Today’s pages are some of my favourite in the whole of Man’s Search for Meaning. I say that not lightly.
First, a (re-)definition of Frankl’s logotherapy:
[Logotherapy] considers man a being whose main concern consists in fulfilling a meaning, rather than in the mere gratification and satisfaction of drives and instincts.
This search for meaning, however, creates an inner tension on which good mental health is based. This goes against what Frankl calls the ‘dangerous misconception’ of many psychologists that a state of mental equilibrium is desirable. Continue reading “The Victor Frankl 5-a-Day Book Cult: Day 21”
Today’s pages (p103-108) mark the beginning of the second part of Man’s Search for Meaning: Logotherapy in a nutshell.
After some apologies for the inevitable failures for compressing into a few pages that which ‘required twenty volumes in German’, Victor Frankl sets about explaining his therapy.
Logotherapy (as its etymology indicates) attempts to confront the patient with and reorient him towards the meaning of his life. Frankl is very insistent that this ‘will to meaning’ is the overriding motivation for human beings: we live and die for our meanings and values, he points out.
This meaning is unique and specific in that it must and can be fulfilled by him alone; only then does it achieve a significance which will satisfy his own will to meaning. Continue reading “The Victor Frankl 5-a-Day Book Cult: Day 20”
Today’s excerpt is a little shorter (p96-100), as we reach the end of Part 1 of Man’s Search for Meaning. These are the final pages of Frankl’s description of the psychology of the concentration camp inmate.
Even after liberation, the former-prisoner is not out of psychological danger. For Frankl, progress from inmate to human being seems to have been slow and steady.
But for others, liberation was not so easy. Frankl describes the sudden release of mental pressure that occurred at the end of their imprisonment as similar to the bends.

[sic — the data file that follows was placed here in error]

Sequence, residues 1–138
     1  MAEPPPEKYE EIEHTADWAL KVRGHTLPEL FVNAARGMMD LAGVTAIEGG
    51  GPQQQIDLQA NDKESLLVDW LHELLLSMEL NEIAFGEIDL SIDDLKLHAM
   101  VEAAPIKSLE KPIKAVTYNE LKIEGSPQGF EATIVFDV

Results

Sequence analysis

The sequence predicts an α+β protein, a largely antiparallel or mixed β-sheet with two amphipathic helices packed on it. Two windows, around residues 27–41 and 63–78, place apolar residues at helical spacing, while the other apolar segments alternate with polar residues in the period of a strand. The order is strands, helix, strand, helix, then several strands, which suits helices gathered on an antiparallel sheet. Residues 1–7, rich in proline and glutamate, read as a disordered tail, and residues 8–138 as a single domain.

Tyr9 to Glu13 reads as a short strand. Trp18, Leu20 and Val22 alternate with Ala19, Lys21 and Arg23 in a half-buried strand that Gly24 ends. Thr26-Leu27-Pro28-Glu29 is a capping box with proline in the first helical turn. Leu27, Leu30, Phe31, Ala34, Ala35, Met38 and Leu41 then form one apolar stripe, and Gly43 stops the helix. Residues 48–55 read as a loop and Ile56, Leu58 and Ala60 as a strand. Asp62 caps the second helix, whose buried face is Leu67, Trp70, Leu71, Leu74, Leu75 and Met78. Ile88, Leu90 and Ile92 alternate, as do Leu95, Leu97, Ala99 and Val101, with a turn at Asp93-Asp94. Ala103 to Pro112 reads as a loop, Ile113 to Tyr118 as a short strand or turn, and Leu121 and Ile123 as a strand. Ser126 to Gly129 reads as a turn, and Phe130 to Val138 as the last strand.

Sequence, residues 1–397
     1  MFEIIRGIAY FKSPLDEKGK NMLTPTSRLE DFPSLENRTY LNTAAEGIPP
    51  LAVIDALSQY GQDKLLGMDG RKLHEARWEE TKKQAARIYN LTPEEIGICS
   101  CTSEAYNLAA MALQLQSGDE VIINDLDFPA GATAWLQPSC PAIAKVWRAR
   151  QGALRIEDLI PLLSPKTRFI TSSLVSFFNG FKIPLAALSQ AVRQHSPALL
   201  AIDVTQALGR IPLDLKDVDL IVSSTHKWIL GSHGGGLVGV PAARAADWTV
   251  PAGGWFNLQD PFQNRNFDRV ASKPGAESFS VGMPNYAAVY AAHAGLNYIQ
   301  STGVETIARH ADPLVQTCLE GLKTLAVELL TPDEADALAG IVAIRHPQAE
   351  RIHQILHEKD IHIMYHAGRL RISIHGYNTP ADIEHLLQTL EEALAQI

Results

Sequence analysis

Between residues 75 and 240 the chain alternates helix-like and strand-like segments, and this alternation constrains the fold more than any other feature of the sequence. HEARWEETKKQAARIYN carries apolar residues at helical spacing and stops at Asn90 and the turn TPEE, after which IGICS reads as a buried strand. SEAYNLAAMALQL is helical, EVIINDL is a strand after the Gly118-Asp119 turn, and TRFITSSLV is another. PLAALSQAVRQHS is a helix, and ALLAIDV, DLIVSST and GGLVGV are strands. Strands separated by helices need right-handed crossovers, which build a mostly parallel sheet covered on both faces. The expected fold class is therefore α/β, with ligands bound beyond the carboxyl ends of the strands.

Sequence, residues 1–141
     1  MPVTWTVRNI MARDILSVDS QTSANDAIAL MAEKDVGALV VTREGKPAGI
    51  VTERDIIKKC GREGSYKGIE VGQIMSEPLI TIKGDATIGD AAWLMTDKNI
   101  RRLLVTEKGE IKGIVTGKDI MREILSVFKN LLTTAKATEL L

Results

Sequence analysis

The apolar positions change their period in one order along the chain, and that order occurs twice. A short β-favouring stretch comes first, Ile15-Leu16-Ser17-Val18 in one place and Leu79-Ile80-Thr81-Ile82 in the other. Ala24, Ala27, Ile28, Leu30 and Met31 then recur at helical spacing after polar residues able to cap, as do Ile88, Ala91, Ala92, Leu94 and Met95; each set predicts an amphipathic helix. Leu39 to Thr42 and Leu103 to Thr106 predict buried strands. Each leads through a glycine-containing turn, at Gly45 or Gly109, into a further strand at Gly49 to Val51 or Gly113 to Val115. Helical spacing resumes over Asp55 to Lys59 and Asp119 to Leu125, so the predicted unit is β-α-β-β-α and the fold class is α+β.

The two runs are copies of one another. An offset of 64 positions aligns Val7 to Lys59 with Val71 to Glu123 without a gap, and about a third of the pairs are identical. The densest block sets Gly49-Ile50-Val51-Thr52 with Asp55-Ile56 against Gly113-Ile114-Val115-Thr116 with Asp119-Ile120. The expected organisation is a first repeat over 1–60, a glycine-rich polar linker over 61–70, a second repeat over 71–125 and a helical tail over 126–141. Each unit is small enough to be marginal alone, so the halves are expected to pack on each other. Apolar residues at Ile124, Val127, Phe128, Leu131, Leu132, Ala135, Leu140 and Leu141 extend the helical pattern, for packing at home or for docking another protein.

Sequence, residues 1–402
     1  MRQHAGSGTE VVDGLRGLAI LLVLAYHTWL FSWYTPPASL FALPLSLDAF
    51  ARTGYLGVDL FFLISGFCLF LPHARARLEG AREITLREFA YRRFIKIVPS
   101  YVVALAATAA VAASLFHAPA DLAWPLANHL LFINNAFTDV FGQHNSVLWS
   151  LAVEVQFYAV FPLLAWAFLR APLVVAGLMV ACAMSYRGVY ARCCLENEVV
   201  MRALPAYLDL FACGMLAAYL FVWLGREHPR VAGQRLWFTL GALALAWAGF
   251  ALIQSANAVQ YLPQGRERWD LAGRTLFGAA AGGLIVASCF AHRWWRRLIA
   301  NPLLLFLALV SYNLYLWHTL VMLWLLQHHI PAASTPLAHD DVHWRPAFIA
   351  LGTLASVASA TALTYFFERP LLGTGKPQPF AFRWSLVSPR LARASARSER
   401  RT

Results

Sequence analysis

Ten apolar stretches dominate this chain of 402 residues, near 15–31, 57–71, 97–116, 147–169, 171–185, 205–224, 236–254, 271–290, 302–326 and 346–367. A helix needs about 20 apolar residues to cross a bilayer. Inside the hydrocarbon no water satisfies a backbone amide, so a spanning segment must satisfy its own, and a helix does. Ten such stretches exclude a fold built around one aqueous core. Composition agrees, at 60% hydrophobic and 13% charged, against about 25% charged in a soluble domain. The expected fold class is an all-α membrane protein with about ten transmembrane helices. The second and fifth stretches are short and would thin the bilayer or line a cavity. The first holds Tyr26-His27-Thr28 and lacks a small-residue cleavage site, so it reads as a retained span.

Just as the physical health of the caisson worker would be endangered if he left his diver’s chamber suddenly […], so the man who has suddenly been liberated from mental pressure can suffer damage to his moral and spiritual health.
Continue reading “The Victor Frankl 5-a-Day Book Cult: Day 19”
Today’s pages (p91-96) address the psychology of the camp guard, and the psychology of the prisoner after his liberation from a concentration camp.
With regards to the guards, Frankl makes four observations:
- Some of the guards were pure sadists.
- These sadists were always chosen when severe treatment was ordered.
- The majority of guards were ‘morally and mentally hardened men’ who refused to take active part in sadistic torture, but did not prevent others from such behaviour.
- There were some guards who took pity on the prisoners and took active steps to ameliorate conditions for them. ‘Human kindness can be found in all groups, even those which as a whole it would be easy to condemn.’
Continue reading “The Victor Frankl 5-a-Day Book Cult: Day 18”
Today’s pages (p88-91, a wee bit shorter) are recollections of a speech that Victor Frankl gave to his fellow prisoners at the end of a particularly hard day. The prisoners had chosen to go without food rather than give up one of their number to the guards, and so were particularly hungry, tired, cold and irritable.
Frankl was called upon to give some words of encouragement, and he began with a very Stoic observation, that ‘our situation was not the most terrible we could think of’. Losses of health, family, happiness and fortune were all replaceable in the future. He quoted from Nietzsche: ‘That which does not kill me, makes me stronger.’ Continue reading “The Victor Frankl 5-a-Day Book Cult: Day 17”